Green needs to know about theatre and venues abroad because now two of the practice’s four offices are overseas, along with 50% of its work. It is a global network – and such things as the way three venues function within the Young Vic have inspired far flung producers and chief executives working in Chicago or on the theatre for the World Trade Centre site. In the typical way of construction, creative directors often leave as their projects finish, but that has seeded collaborators elsewhere in the industry. For 80-strong Charcoalblue this international market is particularly important. He admits they maybe running out of British theatres and venues to work on.‘But our ones will need refurbishing soon,’ he smiles.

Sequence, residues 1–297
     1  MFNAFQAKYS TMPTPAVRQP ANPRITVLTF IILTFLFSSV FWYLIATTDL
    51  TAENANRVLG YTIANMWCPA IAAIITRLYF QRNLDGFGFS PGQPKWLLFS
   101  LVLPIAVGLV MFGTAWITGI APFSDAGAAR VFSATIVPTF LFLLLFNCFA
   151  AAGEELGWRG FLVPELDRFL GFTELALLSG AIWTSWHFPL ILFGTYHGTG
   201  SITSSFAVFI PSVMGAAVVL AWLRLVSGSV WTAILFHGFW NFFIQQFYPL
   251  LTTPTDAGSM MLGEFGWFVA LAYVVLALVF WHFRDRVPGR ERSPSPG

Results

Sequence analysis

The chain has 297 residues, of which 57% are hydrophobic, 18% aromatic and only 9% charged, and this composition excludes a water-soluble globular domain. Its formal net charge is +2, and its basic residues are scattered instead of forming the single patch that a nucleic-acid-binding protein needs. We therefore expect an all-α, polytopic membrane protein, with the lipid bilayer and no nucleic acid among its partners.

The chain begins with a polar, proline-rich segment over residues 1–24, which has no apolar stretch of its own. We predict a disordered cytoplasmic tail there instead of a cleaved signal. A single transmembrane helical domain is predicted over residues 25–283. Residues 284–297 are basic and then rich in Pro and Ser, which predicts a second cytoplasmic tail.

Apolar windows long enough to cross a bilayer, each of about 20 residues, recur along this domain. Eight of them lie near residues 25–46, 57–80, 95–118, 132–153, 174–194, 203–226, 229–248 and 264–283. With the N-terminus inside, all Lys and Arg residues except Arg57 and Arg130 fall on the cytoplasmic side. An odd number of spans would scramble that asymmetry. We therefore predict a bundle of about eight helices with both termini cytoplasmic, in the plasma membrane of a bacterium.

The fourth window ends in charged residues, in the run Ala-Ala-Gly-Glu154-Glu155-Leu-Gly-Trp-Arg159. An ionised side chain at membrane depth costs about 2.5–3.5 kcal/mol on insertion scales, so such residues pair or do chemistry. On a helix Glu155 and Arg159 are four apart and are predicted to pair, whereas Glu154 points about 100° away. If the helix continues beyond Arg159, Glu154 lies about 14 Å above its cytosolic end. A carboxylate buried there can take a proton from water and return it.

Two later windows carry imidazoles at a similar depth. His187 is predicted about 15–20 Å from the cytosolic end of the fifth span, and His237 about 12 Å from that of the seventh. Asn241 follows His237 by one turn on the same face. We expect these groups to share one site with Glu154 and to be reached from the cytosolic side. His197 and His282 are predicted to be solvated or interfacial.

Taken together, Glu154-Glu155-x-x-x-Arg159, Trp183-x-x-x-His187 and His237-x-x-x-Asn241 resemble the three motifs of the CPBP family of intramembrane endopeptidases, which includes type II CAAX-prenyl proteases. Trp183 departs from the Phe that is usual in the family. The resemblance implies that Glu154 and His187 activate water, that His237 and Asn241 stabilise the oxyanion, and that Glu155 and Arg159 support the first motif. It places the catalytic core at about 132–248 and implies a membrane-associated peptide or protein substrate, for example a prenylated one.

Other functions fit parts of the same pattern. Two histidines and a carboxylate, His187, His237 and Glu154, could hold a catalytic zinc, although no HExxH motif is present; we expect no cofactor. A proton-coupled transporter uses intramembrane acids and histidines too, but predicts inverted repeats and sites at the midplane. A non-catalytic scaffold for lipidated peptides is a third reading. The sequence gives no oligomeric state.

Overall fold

And there is work with Google and Facebook, which are interested in how to engage people, including their own staff, in the real world. ‘Google has more conference rooms than anyone on the planet,’ reports Green. It is working on tuning them technically, as it might do with apparently tiny interventions into seat heights in a West End theatre.
There are also a few projects where Charcoalblue gets to be lead consultant. When the play Harry Potter and the Cursed Child moved from London to New York it took on the NY Lyric, ‘where plays go to die. In the 13 month renovation it pushed through permits and piling into New York’s bedrock, bringing seats closer to the stage to create an immersive theatre. Leading a team including Marvel Architecture and set designer Christine Jones, and using the latter’s large scale model, Green puts the refurb’s speed down to a ‘theatrical sense of purpose’ and a willingness to challenge construction processes. So here we uncover what a theatre consultant does.
But should you be impressed with the Harry Potter phoenix sconces at the Lyric please note, they were not Charcoalblue.